WillTara are enjoying cohabitation, winding up what seems to have been a pleasant evening with a bedtime story about their cat. But Tara’s tempted to get a bit of a study on: she is worried about keeping up with Willow, magically, and being of some use to the Scooby gang. Willow assures her she’s essential, though, and snuggling wins out over hitting the books.
Before they doze off, they pause to wonder if Buffy found anything on her recent mission. No? Maybe? She’d have called if it was Apocalypse time. Oh, wait, it’s only autumn. Things are only just gearing up. Zzzzzz.
This last bit is, basically, intended as a big clue to all of us that this story has picked up just after Buffy’s thumping at the immaculate, beastly hands of Glory. As you may recall, the two squared off at an old factory; Buffy fled with a informative (but, alas, terminally wounded) monk in tow and Glory collapsed the building atop herself.
Now Buffy’s home, telling Giles about the monk’s disclosure: Dawn’s a key and Glory wants her, bigtime. The Order of Dagon would therefore appreciate it greatly if she could find time within her busy Slay-schedule for keeping that eventuality off the table. They would appreciate it, that is, if they weren’t so very slaughtered down to the last sackcloth wearing man.
Giles, Buffy has decided, is the only one who gets to know the truth. I’m down with her logic on this one: they can’t tell Dawn, because she might freak out if someone shares the news that she isn’t a real girl, and the Scoobies can’t be told because it’d make them act weird. (Toward Dawn. Who would freak out. And maybe thereby learn the truth, and possibly freak out some more.)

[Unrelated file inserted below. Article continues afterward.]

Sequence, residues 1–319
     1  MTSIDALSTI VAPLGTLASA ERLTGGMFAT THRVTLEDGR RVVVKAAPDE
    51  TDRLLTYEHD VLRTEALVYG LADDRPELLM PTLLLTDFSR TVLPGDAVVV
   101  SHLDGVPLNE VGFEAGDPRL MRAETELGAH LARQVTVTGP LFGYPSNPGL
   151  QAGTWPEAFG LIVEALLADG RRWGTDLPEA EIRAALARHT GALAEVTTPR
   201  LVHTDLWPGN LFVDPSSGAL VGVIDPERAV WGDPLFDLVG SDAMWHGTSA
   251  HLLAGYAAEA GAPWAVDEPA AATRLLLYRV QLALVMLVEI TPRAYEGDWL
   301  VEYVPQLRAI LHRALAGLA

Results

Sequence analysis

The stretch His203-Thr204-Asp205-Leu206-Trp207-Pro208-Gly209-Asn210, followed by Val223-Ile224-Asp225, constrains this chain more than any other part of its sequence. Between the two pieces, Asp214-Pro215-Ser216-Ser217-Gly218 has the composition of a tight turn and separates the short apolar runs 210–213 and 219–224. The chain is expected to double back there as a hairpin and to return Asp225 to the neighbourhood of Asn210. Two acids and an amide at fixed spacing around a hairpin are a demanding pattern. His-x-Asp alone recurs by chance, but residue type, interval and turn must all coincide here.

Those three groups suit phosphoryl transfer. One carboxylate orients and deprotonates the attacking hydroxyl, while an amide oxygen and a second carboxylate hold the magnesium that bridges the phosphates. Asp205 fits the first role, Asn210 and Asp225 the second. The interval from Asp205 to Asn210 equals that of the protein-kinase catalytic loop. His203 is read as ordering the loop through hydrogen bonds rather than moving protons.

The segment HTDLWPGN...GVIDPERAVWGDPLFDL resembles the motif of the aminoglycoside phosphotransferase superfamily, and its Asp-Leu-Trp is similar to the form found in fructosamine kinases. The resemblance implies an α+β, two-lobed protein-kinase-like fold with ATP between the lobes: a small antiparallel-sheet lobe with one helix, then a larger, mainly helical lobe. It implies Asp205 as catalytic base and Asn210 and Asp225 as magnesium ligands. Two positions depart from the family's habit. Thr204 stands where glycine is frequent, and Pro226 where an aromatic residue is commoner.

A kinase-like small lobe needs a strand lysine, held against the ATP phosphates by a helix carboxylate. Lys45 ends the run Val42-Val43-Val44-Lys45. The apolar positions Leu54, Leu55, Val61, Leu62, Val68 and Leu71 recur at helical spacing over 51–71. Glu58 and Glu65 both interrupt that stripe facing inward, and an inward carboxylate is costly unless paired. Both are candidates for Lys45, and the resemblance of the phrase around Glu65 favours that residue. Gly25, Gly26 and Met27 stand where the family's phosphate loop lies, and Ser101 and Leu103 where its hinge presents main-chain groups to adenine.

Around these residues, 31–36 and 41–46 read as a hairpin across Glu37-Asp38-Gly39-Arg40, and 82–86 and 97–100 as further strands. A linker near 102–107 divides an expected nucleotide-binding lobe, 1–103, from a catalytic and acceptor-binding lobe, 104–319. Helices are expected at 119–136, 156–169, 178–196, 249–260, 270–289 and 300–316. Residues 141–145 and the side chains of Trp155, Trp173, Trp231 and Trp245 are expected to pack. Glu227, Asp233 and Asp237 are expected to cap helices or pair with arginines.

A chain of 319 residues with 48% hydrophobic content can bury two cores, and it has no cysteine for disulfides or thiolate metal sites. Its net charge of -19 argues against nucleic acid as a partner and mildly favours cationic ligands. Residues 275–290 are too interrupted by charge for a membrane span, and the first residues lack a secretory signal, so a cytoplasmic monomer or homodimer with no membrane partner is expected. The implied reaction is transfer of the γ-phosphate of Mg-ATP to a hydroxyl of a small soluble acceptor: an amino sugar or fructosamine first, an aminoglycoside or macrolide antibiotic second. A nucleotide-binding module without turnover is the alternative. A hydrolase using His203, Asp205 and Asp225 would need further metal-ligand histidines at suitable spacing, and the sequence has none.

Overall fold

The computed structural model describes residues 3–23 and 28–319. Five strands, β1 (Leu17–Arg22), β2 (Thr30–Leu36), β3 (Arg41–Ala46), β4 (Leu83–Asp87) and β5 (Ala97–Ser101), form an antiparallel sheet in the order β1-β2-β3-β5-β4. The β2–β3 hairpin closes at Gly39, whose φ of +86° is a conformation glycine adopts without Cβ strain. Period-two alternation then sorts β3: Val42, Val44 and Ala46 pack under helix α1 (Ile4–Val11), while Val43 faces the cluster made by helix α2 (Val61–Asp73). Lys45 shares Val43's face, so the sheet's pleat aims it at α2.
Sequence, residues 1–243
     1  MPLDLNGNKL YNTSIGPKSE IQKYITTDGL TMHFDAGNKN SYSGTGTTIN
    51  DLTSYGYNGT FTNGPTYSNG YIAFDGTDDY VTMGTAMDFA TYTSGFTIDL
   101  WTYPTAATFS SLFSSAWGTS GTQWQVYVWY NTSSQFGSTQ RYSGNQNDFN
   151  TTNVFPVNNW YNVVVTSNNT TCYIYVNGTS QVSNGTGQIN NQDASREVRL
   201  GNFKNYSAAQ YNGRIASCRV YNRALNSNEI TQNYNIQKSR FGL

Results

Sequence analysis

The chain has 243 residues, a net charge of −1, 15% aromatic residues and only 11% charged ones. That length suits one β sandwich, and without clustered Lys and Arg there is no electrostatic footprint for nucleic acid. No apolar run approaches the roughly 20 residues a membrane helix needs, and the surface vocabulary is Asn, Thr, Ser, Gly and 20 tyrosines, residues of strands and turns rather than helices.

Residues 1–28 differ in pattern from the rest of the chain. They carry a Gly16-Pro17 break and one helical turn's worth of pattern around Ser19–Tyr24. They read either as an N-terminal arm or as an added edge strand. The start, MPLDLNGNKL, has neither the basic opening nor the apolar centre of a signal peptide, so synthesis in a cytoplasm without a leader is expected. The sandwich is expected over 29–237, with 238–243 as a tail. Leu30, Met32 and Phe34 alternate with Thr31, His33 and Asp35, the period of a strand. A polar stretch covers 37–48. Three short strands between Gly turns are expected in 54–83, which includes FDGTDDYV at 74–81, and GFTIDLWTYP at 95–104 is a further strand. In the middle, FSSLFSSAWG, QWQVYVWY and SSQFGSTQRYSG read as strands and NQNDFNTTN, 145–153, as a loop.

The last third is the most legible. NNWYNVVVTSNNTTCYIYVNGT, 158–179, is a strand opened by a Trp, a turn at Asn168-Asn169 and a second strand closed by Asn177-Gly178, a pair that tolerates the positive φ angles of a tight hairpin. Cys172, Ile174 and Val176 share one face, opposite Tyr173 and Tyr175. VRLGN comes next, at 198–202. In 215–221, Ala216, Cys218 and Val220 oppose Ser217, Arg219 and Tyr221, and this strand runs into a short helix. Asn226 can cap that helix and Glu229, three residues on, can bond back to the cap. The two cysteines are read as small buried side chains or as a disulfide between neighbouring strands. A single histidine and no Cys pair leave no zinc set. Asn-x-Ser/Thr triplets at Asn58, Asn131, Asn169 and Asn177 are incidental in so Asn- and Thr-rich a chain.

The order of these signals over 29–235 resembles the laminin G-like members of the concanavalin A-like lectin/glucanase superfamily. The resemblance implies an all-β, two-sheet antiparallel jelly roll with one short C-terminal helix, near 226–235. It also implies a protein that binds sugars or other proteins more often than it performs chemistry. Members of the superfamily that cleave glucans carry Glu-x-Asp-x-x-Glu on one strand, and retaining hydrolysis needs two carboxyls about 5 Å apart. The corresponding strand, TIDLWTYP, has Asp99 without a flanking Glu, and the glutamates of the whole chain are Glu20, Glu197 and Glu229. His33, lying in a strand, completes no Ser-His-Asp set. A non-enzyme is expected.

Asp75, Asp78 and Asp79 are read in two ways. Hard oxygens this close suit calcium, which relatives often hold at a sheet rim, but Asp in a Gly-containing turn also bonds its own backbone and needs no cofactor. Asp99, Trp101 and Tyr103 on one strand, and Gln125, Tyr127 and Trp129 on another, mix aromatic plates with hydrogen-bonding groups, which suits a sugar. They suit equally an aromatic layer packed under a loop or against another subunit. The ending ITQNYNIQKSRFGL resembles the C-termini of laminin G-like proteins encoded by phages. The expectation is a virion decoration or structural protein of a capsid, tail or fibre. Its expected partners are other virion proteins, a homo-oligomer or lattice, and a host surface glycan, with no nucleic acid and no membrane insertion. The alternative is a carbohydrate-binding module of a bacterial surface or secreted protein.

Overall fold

What I love about this scene in rewatch is how obvious it is that Giles simply aches for Buffy as he learns about this freakish and thoroughly sucky situation. They didn’t cover this one in Watcher 101. She’s all attached to this new faux sister, to the extent that she remembers things about her that didn’t really happen. It’s a major mindbender, and we get to relate, because it’s more or less the same thing this retcon has done to us. Plus it’s damned good dadding on his part. If only we had a few examples handy of of bad dadding to contrast it with. Useful lessons might be drawn.
Buffy has had some time to process this new knowledge about Dawn. She’s come through the “Hey, that was my life and I was using it for stuff!” stage and now feels all protective and determined to do right by her metaphorical inner child. This means protecting Dawn from Glory.